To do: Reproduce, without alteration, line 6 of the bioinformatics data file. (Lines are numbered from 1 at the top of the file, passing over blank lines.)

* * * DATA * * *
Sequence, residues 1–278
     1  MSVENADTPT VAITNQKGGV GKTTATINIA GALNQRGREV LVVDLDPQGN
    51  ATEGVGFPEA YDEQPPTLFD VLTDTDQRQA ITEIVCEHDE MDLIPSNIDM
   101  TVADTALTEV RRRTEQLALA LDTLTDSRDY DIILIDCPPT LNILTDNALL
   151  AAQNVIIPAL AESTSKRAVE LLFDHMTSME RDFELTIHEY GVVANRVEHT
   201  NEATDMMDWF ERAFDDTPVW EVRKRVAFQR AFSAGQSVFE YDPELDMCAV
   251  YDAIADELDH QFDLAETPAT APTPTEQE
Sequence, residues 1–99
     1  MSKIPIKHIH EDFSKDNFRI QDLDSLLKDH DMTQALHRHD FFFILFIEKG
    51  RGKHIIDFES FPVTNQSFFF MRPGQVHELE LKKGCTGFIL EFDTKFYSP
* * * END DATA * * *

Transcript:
   201  NEATDMMDWF ERAFDDTPVW EVRKRVAFQR AFSAGQSVFE YDPELDMCAV